Long-duration energy storage (LDES) is a potential solution to intermittency in renewable energy generation. In this study we have evaluated the role of LDES in decarbonized electricity systems and identified the cost and efficiency performance necessary for LDES to substantially reduce electricity costs and displace firm low-carbon generation. Our findings show that energy storage capacity cost and discharge efficiency are the most important performance parameters. Charge/discharge capacity cost and charge efficiency play secondary roles. Energy capacity costs must be ≤US$20 kWh–1 to reduce electricity costs by ≥10%. With current electricity demand profiles, energy capacity costs must be ≤US$1 kWh–1 to fully displace all modelled firm low-carbon generation technologies. Electrification of end uses in a northern latitude context makes full displacement of firm generation more challenging and requires performance combinations unlikely to be feasible with known LDES technologies. Finally, LDES systems with the greatest impact on electricity cost and firm generation have storage durations exceeding 100 h.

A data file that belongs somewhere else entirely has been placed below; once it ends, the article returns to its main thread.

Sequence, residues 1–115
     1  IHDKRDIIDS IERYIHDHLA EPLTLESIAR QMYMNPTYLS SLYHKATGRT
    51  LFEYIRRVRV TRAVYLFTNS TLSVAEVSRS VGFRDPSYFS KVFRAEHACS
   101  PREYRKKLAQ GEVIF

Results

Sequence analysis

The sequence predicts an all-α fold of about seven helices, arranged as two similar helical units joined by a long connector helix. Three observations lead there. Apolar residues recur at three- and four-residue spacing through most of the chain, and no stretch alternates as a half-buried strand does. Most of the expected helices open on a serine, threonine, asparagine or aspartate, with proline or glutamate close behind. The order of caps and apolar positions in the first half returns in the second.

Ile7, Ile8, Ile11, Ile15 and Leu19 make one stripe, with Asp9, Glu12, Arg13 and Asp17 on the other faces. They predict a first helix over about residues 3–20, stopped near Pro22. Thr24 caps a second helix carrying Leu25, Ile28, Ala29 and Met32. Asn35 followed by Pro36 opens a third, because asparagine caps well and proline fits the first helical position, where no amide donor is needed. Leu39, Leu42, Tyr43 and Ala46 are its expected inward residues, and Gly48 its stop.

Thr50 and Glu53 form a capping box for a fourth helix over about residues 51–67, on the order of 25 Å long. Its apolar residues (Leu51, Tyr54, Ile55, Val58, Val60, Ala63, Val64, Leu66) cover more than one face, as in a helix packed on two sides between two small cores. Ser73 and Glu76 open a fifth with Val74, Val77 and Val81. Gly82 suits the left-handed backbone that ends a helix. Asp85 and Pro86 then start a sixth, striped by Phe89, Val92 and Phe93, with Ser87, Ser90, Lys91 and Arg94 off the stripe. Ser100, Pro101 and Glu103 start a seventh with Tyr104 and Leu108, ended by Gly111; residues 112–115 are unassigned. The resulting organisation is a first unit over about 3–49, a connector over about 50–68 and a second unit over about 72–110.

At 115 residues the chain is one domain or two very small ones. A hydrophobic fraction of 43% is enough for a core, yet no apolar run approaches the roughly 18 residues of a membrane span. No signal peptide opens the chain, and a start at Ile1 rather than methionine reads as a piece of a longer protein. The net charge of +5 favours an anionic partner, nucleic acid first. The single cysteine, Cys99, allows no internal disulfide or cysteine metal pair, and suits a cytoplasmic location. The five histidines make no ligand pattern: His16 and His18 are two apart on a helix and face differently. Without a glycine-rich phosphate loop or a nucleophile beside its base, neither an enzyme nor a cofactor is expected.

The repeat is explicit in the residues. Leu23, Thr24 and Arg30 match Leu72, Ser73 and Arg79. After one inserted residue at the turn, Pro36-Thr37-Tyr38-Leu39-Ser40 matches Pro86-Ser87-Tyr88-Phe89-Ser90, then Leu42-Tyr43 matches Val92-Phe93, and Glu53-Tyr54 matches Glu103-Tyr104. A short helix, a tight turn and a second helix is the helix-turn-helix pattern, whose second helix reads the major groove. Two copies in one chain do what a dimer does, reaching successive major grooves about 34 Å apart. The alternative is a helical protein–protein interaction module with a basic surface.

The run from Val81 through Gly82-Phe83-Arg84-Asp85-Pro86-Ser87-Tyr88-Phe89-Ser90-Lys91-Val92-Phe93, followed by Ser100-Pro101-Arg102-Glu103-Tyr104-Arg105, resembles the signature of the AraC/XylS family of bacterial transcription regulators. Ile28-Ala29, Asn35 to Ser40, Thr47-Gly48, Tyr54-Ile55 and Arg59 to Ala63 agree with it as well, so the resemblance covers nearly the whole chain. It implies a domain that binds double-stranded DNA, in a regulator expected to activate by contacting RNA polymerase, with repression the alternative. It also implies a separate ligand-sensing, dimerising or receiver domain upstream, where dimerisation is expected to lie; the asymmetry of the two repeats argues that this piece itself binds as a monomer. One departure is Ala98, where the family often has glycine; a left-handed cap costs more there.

All Science Journal Classification (ASJC) codes
- Electronic, Optical and Magnetic Materials
- Renewable Energy, Sustainability and the Environment
- Fuel Technology
- Energy Engineering and Power Technology